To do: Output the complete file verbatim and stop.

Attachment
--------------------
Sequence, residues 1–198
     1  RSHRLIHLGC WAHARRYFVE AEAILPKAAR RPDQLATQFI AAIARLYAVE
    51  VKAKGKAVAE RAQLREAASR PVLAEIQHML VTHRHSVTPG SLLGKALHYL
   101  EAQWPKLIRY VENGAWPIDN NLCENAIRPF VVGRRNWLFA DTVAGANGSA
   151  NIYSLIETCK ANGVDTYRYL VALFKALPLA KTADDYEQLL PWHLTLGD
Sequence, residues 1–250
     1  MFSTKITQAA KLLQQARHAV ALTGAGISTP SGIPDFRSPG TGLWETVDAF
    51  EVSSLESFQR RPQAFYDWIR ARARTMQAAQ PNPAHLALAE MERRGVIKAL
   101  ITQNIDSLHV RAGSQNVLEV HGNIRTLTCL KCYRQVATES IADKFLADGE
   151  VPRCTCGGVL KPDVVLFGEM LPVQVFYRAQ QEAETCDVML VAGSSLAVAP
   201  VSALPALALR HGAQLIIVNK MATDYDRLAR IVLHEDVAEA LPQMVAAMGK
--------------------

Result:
Sequence, residues 1–198
     1  RSHRLIHLGC WAHARRYFVE AEAILPKAAR RPDQLATQFI AAIARLYAVE
    51  VKAKGKAVAE RAQLREAASR PVLAEIQHML VTHRHSVTPG SLLGKALHYL
   101  EAQWPKLIRY VENGAWPIDN NLCENAIRPF VVGRRNWLFA DTVAGANGSA
   151  NIYSLIETCK ANGVDTYRYL VALFKALPLA KTADDYEQLL PWHLTLGD
Sequence, residues 1–250
     1  MFSTKITQAA KLLQQARHAV ALTGAGISTP SGIPDFRSPG TGLWETVDAF
    51  EVSSLESFQR RPQAFYDWIR ARARTMQAAQ PNPAHLALAE MERRGVIKAL
   101  ITQNIDSLHV RAGSQNVLEV HGNIRTLTCL KCYRQVATES IADKFLADGE
   151  VPRCTCGGVL KPDVVLFGEM LPVQVFYRAQ QEAETCDVML VAGSSLAVAP
   201  VSALPALALR HGAQLIIVNK MATDYDRLAR IVLHEDVAEA LPQMVAAMGK